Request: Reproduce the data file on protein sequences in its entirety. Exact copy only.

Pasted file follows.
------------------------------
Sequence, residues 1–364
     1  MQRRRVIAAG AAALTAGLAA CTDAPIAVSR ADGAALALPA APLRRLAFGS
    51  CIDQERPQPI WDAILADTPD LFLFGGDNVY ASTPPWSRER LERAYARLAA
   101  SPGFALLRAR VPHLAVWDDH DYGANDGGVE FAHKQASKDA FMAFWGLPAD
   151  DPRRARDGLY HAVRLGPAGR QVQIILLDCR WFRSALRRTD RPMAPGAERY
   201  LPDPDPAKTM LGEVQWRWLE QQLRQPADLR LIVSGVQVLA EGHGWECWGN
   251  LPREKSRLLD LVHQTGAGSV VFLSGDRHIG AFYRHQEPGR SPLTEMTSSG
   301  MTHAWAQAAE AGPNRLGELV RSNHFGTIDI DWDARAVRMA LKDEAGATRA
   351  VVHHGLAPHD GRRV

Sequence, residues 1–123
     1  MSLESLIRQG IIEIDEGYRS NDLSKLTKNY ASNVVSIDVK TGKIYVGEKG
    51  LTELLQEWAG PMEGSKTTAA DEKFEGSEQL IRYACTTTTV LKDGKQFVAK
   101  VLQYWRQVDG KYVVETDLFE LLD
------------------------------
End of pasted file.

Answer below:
Sequence, residues 1–364
     1  MQRRRVIAAG AAALTAGLAA CTDAPIAVSR ADGAALALPA APLRRLAFGS
    51  CIDQERPQPI WDAILADTPD LFLFGGDNVY ASTPPWSRER LERAYARLAA
   101  SPGFALLRAR VPHLAVWDDH DYGANDGGVE FAHKQASKDA FMAFWGLPAD
   151  DPRRARDGLY HAVRLGPAGR QVQIILLDCR WFRSALRRTD RPMAPGAERY
   201  LPDPDPAKTM LGEVQWRWLE QQLRQPADLR LIVSGVQVLA EGHGWECWGN
   251  LPREKSRLLD LVHQTGAGSV VFLSGDRHIG AFYRHQEPGR SPLTEMTSSG
   301  MTHAWAQAAE AGPNRLGELV RSNHFGTIDI DWDARAVRMA LKDEAGATRA
   351  VVHHGLAPHD GRRV

Sequence, residues 1–123
     1  MSLESLIRQG IIEIDEGYRS NDLSKLTKNY ASNVVSIDVK TGKIYVGEKG
    51  LTELLQEWAG PMEGSKTTAA DEKFEGSEQL IRYACTTTTV LKDGKQFVAK
   101  VLQYWRQVDG KYVVETDLFE LLD